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4,409 americans died from coronavirus just today. what can we expect to immediately change? what should we expect from this obvious radical change in focus and policy? what should we the public be able see as the fruits of those changes in the immediate days ahead. watching us is an epidemiologist and infectious disease expert. doctor, thank you for being here tomorrow. it's as big a day for you as it is for all of us but i know you've be incredibly busy working with the transition these past few months. >> yeah. it's really been rewarding work and seeing this start to come to fruition is i think our team just feels really relieved and is hoping for the best. >> what do you think that we the american public will notice first if terms of the changes? obviously in tone and in example, everybody noticed the dramatic change today of the
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rigorous masking protocol, the social distancing protocols we saw at the inauguration itself and all the associated events. that's an important thing for us to see for us to sort of burp into our retinas on what we should expect to be and see and do as americans now. what will we see in terms of a policy and the administration's new focus? >> i think two keywords here are "science" and "partnership." if there's anything that is the biden brand, it is to follow the science. if you look at the people he's nominated, this is an all star team of scientists and doctors and public health experts. i think that is a major change here, to actually have grownups, experts in the room making the decisions. i think the other thing you're going to see is partnership. the federal government has been essentially awol with the exception of the warp speed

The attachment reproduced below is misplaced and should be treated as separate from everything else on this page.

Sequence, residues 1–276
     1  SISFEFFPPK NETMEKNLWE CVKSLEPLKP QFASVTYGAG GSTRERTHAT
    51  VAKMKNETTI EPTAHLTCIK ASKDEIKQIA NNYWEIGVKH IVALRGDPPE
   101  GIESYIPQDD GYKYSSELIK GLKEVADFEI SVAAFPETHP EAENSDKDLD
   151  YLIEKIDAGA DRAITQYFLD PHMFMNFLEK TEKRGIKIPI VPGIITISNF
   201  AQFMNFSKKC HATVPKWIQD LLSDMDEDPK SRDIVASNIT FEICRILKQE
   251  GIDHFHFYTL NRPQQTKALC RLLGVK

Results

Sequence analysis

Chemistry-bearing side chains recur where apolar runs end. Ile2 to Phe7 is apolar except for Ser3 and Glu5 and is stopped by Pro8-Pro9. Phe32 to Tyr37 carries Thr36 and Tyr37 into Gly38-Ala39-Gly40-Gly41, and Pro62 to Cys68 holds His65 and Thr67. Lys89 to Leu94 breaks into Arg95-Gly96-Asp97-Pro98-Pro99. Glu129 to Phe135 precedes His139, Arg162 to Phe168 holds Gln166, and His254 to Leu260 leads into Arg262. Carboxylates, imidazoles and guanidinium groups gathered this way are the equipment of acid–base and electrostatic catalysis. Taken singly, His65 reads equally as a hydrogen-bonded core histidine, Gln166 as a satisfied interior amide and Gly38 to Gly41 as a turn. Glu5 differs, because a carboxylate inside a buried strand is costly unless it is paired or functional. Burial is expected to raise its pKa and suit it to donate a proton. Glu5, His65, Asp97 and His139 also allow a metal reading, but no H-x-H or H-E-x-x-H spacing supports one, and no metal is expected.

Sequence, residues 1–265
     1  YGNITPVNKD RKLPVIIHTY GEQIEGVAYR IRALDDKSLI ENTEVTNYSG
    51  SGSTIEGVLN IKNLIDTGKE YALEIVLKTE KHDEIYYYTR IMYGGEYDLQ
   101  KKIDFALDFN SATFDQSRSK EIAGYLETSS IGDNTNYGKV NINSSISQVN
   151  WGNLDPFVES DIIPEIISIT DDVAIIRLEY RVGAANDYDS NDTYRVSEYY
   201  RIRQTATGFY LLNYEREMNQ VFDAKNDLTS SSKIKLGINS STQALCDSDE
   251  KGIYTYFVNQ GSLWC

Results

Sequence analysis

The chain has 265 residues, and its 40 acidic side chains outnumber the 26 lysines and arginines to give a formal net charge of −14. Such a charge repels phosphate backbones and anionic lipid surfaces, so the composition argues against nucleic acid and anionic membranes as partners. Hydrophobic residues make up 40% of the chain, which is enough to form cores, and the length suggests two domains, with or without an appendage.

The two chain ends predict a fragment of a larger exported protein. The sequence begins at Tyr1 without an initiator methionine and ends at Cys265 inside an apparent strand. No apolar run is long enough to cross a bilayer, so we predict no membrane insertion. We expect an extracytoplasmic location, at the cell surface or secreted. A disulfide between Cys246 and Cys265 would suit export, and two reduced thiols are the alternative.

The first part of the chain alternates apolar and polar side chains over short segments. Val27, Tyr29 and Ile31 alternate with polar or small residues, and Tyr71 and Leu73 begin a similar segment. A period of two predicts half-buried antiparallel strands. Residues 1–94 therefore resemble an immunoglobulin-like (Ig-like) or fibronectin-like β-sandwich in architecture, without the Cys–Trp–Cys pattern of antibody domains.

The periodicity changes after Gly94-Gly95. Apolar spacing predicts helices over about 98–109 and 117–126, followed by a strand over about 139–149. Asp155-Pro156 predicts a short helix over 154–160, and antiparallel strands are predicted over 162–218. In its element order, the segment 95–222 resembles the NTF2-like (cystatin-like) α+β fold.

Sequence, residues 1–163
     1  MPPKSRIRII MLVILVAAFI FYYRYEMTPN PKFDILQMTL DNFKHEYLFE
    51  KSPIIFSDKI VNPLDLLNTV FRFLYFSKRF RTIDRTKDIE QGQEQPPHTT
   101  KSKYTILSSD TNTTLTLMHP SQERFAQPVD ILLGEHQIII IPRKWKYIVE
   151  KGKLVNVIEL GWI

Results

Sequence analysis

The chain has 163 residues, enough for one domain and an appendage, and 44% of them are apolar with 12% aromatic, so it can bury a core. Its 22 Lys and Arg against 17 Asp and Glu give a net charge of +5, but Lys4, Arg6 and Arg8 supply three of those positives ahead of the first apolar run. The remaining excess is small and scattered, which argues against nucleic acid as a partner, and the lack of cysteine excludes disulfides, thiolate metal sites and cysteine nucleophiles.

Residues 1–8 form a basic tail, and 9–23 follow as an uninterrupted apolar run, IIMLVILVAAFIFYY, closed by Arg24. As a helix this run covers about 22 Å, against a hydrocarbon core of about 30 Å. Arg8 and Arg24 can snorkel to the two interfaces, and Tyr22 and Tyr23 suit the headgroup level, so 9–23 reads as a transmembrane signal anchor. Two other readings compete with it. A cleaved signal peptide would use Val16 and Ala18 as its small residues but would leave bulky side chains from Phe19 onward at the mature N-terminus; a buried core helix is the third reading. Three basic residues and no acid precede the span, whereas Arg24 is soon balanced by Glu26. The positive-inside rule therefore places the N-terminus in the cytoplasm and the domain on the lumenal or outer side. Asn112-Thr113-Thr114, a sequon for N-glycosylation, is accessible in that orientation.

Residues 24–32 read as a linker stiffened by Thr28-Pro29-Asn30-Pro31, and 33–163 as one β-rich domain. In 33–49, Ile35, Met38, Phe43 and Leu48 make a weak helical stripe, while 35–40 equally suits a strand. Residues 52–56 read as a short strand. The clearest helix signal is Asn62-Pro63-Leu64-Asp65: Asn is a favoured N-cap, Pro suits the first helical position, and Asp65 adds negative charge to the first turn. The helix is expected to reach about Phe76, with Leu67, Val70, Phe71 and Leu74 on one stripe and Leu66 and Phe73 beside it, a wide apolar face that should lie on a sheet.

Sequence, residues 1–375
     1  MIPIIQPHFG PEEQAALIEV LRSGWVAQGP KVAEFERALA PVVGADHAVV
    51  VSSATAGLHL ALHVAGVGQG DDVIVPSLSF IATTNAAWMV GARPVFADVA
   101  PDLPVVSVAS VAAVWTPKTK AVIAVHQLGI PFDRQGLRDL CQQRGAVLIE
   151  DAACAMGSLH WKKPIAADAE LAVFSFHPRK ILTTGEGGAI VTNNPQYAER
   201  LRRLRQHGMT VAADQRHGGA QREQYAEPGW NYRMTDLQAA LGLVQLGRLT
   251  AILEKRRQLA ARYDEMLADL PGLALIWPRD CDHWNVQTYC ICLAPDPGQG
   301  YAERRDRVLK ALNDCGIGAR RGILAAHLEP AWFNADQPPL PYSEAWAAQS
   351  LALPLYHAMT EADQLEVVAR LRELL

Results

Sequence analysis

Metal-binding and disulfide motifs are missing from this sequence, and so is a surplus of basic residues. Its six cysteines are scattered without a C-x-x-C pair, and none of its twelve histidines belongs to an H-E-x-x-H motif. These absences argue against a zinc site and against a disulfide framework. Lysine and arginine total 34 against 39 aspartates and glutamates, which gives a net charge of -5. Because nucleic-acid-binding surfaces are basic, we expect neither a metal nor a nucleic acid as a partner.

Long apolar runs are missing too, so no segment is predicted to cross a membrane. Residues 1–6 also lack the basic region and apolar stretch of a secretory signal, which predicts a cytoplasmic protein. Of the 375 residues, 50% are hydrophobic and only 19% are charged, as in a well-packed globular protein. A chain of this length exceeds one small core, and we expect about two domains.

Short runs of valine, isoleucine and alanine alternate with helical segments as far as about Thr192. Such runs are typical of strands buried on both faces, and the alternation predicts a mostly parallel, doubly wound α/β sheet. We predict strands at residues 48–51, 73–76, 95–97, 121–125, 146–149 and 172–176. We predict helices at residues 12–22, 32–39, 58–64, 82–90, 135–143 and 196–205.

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effort to have vaccine companies, manufacturers develop and produce the vaccines, but they didn't really have a plan for what to do after that. now you're going to see the federal government partner with state, local, territorial and tribal governments and public health departments with primary care providers as well as local pharmacies to figure out how to get the vaccine out in partnership together. >> i both am eager, almost desperate to see science back in the lead. i am eager, almost desperate to see and also worried that agency like the cdc have been so hollowed out, beaten down and in some cases corrupted, had their work corruptedly the political influence of the white house that i'm worried that at least at the outset they may not be up to the task. how should you balance those concerns or how should i balance them? >> i think there's got to be a
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lot of rebuilding of morale and rebuilding of staff. they've lost staff due to attrition, not enough funding being invested in the cdc. that predates the pandemic. part of the reason dr. walensky was nominated to lead the cdc is because she's an outsider, a top scientist in her field. having worked in the peeled of hiv for years, she understands what it is to manage and respond to on infectious disease pandemic that also has political aspects to it. she's somebody who really will be able to look at what's happening at cdc onnively as someone coming in from the outside and figuring out how to rectify things moving forward. >> i had sources in the agency and reported there a long time. hearing people's confidence knowing that it's going to be anne shookit made me feel
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better. maybe that is a place to start. doctor, ep deem olgs, member of the biden covid advisory board, thank you for helping is understand tonight. >> thank you. >> we'll be right back. ht >> thank you >> we'll be right back with the new freestyle libre 2 system, a continuous glucose monitor, you can check your glucose with a painless, one-second scan. and now with optional alarms, you can choose to be notified if you go too high or too low. and for those who qualify, the freestyle libre 2 system is now covered by medicare. ask your doctor for a prescription. you can do it without fingersticks. learn more at freestyle libre 2 dot u.s. ♪♪ ♪♪ it's velveeta shells & cheese versus the other guys. ♪♪ clearly, velveeta melts creamier.
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we are not nearly done here at msnbc. up next here is "the 11th hour" with brian williams. i've got jerky for everybody. we are live all night. >> jerky jerky! >> the jerky bar is always open. >> whoo! >> thank you to joy reed, lawrence o'donnell, my friends for being here. 11th hour starts right now. >> well, good evening once again. at the end of what was day one of the biden administration. today joseph robinette biden jr. became our 46th president. he comes into this job after three runs for the office. after decades of experience in the senate, six terms